April 19, 2024

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Netanyahu Gets Pacemaker Before Knesset Sessions – Hundreds of Thousands in Demonstrations – News

Netanyahu Gets Pacemaker Before Knesset Sessions – Hundreds of Thousands in Demonstrations – News


Netanyahu said in a video message that he is fine.

Keystone/Sebastian Scheiner (Archive)

  • Prime Minister Benjamin Netanyahu will be given a pacemaker ahead of a decisive vote in parliament on a planned overhaul of the judiciary.
  • According to Netanyahu, he should be released from the hospital this afternoon.
  • Debate on the draft legislation begins at 09:00 (CEST).
  • Meanwhile, millions across the country are protesting against the planned judicial reform. Citizens, unions and the military formed to resist.

“I am doing well, but I am listening to my doctors,” Netanyahu said in a video message. Cardiac monitoring indicated that immediate surgery was necessary. It will take place at the Skiba Clinic near Tel Aviv, according to news agencies.

I am doing my best.

Netanyahu was unexpectedly hospitalized last weekend. Back then, he was said to have been in the sun for a long time without water and a hat. After that, his condition was monitored.

Debate on the controversial judicial overhaul begins today

Netanyahu’s right-wing religious government plans to present a major part of its controversial plans to overhaul the judiciary in parliament in Jerusalem today. Debate on the draft legislation begins at 09:00 (CEST). A final vote is not expected until Monday afternoon.

On Saturday, several hundred thousand people took to the streets against the planned weakening of the judiciary. Channel 13 estimated that around 170,000 people gathered in the center of the coastal city of Tel Aviv and 85,000 in Jerusalem. According to media reports, there were occasional violent clashes with the police. Many demonstrators were arrested.

Thousands protest in Tel Aviv


According to media reports, around 170,000 people in Tel Aviv and 85,000 in Jerusalem demonstrated against the government’s planned overhaul of the judiciary.

Reuters/Corinna Kern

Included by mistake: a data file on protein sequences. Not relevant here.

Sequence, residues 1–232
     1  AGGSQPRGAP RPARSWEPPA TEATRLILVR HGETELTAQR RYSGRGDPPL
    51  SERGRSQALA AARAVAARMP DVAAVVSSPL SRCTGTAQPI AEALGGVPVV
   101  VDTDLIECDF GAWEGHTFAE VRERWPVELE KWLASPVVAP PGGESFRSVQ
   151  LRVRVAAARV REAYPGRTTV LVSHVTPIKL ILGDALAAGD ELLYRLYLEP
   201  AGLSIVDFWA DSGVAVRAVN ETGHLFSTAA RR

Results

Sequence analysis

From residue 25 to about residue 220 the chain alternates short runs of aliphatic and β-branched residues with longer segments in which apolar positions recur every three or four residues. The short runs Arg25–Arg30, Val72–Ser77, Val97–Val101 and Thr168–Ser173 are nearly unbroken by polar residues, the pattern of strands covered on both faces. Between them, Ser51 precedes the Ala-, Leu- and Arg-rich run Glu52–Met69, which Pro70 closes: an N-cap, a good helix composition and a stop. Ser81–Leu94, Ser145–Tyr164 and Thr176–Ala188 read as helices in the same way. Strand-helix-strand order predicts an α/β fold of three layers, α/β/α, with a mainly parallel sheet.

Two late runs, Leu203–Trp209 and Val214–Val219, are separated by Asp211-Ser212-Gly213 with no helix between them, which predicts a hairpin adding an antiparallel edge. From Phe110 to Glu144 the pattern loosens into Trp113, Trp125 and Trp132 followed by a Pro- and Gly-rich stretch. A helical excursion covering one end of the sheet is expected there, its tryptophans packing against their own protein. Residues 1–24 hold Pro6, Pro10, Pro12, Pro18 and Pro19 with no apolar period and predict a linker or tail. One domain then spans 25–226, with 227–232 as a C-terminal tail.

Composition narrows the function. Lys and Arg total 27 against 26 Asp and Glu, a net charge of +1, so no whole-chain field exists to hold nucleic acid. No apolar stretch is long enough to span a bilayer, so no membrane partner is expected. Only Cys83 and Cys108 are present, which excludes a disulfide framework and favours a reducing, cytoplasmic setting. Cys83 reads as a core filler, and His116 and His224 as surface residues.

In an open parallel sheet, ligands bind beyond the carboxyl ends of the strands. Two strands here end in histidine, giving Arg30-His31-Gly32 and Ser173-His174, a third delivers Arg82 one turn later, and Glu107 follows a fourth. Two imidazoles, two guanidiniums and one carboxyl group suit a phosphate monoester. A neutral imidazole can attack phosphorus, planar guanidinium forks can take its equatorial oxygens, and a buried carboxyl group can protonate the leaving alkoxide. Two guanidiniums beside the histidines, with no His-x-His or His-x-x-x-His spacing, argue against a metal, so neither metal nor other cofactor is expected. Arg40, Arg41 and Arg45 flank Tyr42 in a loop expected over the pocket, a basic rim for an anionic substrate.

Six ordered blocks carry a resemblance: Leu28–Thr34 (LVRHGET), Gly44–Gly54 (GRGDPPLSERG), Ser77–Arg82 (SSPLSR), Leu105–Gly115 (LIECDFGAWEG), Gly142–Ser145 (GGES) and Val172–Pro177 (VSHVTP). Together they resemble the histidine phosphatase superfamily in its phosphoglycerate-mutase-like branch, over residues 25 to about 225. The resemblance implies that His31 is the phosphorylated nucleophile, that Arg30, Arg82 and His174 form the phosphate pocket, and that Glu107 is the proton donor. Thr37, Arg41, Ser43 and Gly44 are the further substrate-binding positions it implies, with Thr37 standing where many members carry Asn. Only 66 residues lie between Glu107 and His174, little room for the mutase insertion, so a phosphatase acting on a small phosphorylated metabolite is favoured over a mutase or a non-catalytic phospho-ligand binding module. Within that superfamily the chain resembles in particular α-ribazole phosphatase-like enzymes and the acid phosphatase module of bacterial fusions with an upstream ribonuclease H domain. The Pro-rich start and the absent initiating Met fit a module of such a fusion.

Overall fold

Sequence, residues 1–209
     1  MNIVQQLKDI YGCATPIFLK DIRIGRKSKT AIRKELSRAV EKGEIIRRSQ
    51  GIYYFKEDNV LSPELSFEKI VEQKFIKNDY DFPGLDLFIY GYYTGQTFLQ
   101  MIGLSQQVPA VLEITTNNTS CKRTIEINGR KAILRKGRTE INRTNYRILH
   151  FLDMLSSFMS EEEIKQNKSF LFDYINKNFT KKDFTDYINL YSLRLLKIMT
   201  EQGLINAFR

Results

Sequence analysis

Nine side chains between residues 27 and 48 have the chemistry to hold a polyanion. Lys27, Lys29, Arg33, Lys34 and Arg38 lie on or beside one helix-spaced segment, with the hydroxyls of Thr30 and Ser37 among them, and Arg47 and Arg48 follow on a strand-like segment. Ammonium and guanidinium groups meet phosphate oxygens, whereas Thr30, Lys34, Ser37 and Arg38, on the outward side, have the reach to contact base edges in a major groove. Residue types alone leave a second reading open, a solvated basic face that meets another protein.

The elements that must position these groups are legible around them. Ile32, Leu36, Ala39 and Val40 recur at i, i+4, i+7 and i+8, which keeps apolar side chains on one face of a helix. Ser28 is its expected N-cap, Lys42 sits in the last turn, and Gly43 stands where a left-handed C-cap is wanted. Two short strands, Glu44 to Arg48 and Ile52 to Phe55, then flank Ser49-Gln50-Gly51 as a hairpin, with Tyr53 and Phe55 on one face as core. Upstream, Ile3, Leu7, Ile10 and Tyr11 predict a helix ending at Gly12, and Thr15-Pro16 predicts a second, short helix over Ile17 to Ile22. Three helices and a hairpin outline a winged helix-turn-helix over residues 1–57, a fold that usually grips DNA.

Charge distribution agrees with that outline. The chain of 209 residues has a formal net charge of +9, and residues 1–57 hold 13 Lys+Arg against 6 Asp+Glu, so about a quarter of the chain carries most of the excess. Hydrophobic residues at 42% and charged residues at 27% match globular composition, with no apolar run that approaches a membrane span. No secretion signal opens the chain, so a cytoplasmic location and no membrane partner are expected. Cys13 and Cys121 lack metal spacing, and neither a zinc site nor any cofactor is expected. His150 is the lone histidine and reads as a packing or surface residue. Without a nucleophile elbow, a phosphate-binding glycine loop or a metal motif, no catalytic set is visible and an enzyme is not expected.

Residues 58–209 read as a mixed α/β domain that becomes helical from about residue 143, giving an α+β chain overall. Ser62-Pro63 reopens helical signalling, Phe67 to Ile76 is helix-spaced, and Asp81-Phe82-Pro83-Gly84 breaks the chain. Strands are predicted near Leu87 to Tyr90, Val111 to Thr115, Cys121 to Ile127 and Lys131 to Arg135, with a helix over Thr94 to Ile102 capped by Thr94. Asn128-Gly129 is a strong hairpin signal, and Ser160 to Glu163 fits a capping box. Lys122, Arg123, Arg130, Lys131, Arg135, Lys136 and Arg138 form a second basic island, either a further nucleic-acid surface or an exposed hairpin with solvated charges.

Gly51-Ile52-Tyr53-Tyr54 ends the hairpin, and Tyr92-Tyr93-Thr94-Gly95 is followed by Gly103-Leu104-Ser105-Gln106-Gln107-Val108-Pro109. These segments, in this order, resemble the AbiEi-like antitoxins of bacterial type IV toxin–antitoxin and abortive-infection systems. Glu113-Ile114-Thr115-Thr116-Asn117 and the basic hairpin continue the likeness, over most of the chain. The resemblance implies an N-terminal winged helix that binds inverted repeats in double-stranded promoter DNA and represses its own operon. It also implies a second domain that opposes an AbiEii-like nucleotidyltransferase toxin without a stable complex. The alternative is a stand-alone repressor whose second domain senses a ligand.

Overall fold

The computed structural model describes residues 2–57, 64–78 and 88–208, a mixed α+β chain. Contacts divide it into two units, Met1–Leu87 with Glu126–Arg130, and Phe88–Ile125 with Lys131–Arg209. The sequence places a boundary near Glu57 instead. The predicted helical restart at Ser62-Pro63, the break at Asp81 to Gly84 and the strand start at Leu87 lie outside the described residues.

Half a million people in protest?

Organizers of the protests put the number of participants across the country at more than half a million. It will be one of the biggest days of protests since demonstrations began in early January. Israel has about 10 million people.

For more than six months, the planned overhaul of the judiciary has divided large sections of Israeli society. Protest signs in Tel Aviv, for example, read “Netanyahu is an enemy of democracy” or “Save our homeland.” Many Israelis in the metropolis fear that Israel could fundamentally change with the legislative package.

Call for general strike

Thousands marched to the Histadrut headquarters in Tel Aviv on Saturday night to call for a general strike. Meanwhile, Histadrut boss Arnon Bar-David consulted on how to proceed.

The Histadrut, which has about 800,000 members, called a general strike in late March after Netanyahu sacked Galant. The defense minister had previously publicly criticized the approach to revamping the judiciary. Netanyahu later suspended the plans, and Gallant’s dismissal was later reversed.

Pressure on the government from the military ranks

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Recently there has been an increase in resistance among the military. On Saturday, around 10,000 reservation workers announced that they would no longer report for duty if the government did not end their plans.

According to reports, this could significantly affect the operational readiness of the army. As of Friday, more than 1,000 Air Force reservists had already threatened to walk off the service.

Bar association should take action against the law

The law no longer allows the country’s Supreme Court to judge the decision of the government or individual ministers as “irrelevant”. Critics fear it will encourage corruption and lead to arbitrary filling of important posts and dismissals. On the other hand, the Netanyahu government accuses the judiciary of too much interference in political decisions.

Bar Association President Amit Becher announced in Jerusalem that action would be taken if the law is passed. “If the government raises enough standards on Monday, we will file a petition in the Supreme Court on Tuesday.”

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